Use this URL to cite or link to this record in EThOS: https://ethos.bl.uk/OrderDetails.do?uin=uk.bl.ethos.774605
Title: Evolutionary genomics of cystic fibrosis and nosocomial pathogens of the Mycobacterium abscessus species complex
Author: Everall, Isobel
ISNI:       0000 0004 7961 8080
Awarding Body: University of Cambridge
Current Institution: University of Cambridge
Date of Award: 2019
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Abstract:
The Mycobacterium abscessus} species complex (MABSC) consists of three subspecies, M.a. abscessus}, M.a. massiliense} and M.a. bolletii}. All three of these subspecies are capable of causing opportunistic pulmonary and skin and soft tissue infections in immunocompromised individuals. Infections caused by the MABSC are particularly serious in people with underlying lung conditions such as Cystic Fibrosis (CF) as these organisms are highly antibiotic resistant and the currently available treatment is toxic. This has resulted in treatment of MABSC infections failing in up to 50% of cases. Given the increasing prevalence globally of infections caused by the MABSC, particularly in individuals with CF, there is increased urgency to improve the treatment available for MABSC infections. The overall aim of this project was to use genomic analyses to increase our understanding of how the MABSC has evolved to become an opportunistic pathogen, which in turn could potentially uncover promising targets for the development of novel antibiotics. Genomic analysis of the MABSC has already shown that lineages of the MABSC are capable of indirect person to person transmission and the extent to which transmission contributed to the increasing prevalence of MABSC in people with CF became evident when the MABSC global population structure was determined. This showed that 70% of the MABSC isolates from people with CF were attributed to lineages made up of densely clustered isolates, where acquisition via indirect person-to-person transmission, as opposed to from the environment, was more likely. This thesis used population genomic approaches to i) investigate the genetic factors that drove the emergence of the most prevalent MABSC lineages, ii) look for evidence of convergence after the clonal expansion of these lineages to understand how the MABSC was continuing to adapt and spread amongst people with CF and iii) to examine the within host evolution of these pathogens to uncover how these environmental organisms were adapting to the CF lung. This thesis also used whole genome sequencing to explore the largest known outbreak of MABSC infections, a post-surgical wound infection epidemic in Brazil. Through this research the emergence of the most prevalent MABSC lineages were found to be driven by increased opportunity, probably due to the increased number of people with CF surviving longer, as opposed to the acquisition of a common genetic determinant. Not enough signal was detected after the clonal expansion of the most prevalent MABSC lineages to come to strong conclusions about genetic factors driving their continuing expansion, but strong evidence of convergent evolution was detected between MABSC isolates evolving over time within the host. The MABSC was shown to be potentially using a similar central regulatory network in response to environmental cues from the phagosome to that of M. tuberculosis}. The investigation into the epidemic of post-surgical wound infections in Brazil showed that a single M.a. massiliense} lineage was introduced into Brazil just prior to the initial outbreak and that this lineage subsequently spread, through several waves of transmission, to multiple cities in geographically distant areas of Brazil. This highlighted how the MABSC was capable of long distance transmission and emphasised the potential of the MABSC as a nosocomial pathogen capable of causing large scale outbreaks.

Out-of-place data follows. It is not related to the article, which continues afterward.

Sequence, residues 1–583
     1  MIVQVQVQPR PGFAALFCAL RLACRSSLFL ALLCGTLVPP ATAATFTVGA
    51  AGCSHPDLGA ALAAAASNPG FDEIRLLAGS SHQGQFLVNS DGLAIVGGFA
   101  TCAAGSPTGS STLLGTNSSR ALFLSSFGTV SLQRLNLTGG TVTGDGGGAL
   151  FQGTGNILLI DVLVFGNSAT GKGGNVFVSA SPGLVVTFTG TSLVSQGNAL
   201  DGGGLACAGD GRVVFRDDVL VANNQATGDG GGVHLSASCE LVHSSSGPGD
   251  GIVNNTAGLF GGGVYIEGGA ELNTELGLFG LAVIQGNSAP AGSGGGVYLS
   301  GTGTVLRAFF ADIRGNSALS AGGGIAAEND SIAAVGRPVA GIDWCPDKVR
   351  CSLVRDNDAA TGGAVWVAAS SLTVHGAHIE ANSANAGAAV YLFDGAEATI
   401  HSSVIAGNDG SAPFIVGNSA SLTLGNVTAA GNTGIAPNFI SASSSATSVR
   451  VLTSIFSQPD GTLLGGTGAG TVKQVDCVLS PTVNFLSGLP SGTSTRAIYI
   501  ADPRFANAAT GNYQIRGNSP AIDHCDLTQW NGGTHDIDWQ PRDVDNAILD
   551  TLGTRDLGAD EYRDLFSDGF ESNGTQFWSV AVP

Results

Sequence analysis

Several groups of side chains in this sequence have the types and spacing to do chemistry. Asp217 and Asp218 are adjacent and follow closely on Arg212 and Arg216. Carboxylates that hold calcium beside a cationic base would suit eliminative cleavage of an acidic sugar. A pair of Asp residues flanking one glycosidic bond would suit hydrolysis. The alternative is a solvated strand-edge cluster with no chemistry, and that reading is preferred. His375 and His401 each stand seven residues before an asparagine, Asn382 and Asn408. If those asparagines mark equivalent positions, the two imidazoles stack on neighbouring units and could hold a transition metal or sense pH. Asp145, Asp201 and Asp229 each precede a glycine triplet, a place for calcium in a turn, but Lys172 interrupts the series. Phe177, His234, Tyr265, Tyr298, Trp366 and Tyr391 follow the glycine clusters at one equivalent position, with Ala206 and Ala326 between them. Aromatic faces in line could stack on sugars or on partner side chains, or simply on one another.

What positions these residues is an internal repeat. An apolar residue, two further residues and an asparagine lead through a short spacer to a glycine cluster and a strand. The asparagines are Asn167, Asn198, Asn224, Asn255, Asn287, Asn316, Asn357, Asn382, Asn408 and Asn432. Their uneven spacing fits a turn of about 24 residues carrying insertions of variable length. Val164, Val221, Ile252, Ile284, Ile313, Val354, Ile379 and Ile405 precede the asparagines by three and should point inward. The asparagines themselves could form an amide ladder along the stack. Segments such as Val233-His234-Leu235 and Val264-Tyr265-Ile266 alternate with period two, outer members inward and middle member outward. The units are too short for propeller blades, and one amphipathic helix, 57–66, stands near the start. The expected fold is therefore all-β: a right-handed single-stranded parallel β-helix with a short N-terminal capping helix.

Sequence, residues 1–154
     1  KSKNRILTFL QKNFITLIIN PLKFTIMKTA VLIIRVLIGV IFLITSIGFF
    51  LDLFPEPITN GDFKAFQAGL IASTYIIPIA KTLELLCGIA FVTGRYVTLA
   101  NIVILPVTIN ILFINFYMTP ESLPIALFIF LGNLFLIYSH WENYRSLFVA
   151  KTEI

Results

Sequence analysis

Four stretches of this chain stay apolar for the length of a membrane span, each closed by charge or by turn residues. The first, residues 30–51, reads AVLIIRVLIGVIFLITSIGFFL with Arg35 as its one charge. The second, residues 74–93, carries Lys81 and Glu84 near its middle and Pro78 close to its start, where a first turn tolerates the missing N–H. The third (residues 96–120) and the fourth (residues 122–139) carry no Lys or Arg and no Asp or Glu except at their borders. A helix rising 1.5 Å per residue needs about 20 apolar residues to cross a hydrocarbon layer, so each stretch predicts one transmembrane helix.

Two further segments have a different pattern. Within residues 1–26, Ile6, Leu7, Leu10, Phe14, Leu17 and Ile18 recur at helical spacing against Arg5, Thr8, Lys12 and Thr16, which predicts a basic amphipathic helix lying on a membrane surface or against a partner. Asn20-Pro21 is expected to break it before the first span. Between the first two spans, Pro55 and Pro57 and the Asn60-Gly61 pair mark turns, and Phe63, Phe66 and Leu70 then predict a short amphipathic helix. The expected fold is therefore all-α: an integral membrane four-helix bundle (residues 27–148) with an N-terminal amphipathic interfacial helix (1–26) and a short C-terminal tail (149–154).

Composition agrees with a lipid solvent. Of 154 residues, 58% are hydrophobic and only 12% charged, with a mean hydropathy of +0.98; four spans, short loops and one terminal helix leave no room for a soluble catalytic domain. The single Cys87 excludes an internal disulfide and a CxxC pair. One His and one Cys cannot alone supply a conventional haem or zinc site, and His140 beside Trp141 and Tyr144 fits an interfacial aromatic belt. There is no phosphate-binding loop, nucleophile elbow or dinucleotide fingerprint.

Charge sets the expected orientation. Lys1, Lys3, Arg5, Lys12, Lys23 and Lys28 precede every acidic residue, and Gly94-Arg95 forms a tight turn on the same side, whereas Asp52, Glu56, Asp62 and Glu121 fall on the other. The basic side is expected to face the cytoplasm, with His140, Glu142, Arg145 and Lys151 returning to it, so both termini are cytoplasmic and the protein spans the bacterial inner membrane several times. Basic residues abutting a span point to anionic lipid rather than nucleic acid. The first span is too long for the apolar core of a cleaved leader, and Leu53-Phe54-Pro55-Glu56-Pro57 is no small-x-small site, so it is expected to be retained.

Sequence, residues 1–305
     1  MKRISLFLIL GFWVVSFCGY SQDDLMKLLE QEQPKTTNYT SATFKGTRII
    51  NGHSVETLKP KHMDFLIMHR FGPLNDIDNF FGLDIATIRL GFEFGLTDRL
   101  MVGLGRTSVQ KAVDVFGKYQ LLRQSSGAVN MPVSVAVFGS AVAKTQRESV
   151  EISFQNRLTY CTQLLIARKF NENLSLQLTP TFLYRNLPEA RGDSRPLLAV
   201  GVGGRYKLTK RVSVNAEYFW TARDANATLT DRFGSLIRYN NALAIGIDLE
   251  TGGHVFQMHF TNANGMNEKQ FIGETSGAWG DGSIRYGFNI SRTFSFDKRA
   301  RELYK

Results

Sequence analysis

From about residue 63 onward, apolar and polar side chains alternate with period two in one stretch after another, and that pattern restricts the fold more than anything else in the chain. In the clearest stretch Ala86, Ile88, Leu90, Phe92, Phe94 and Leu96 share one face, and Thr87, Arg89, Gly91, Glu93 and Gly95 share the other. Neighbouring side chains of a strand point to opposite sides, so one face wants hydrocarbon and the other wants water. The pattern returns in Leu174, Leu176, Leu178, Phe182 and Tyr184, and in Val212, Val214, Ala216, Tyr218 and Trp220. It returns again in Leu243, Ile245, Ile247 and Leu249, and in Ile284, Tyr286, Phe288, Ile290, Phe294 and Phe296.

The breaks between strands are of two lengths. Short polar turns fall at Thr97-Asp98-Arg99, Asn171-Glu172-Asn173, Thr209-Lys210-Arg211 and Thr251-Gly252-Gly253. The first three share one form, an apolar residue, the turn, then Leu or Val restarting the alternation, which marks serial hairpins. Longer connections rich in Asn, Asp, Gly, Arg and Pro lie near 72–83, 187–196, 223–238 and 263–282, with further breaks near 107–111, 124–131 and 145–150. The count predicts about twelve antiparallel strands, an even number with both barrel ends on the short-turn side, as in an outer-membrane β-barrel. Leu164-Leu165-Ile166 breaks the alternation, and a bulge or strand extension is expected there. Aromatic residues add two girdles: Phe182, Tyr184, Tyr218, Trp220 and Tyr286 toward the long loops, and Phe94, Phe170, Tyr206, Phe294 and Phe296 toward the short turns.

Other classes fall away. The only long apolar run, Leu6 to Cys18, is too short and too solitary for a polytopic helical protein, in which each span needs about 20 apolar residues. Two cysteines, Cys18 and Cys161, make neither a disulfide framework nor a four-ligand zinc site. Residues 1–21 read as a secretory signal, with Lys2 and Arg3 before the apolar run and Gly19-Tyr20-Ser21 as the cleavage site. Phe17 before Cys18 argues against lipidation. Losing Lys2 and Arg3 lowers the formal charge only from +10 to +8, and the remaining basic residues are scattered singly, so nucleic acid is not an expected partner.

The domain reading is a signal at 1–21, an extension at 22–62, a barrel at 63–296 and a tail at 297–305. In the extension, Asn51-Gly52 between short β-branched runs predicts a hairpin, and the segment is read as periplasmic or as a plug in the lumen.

Supervisor: Parkhill, Julian ; Floto, Rodrigo Andres Sponsor: Not available
Qualification Name: Thesis (Ph.D.) Qualification Level: Doctoral
EThOS ID: uk.bl.ethos.774605  DOI:
Keywords: Bioinformatics ; Bacterial genomics ; Mycobacteria ; Cystic Fibrosis ; Nontuberculous Mycobacteria
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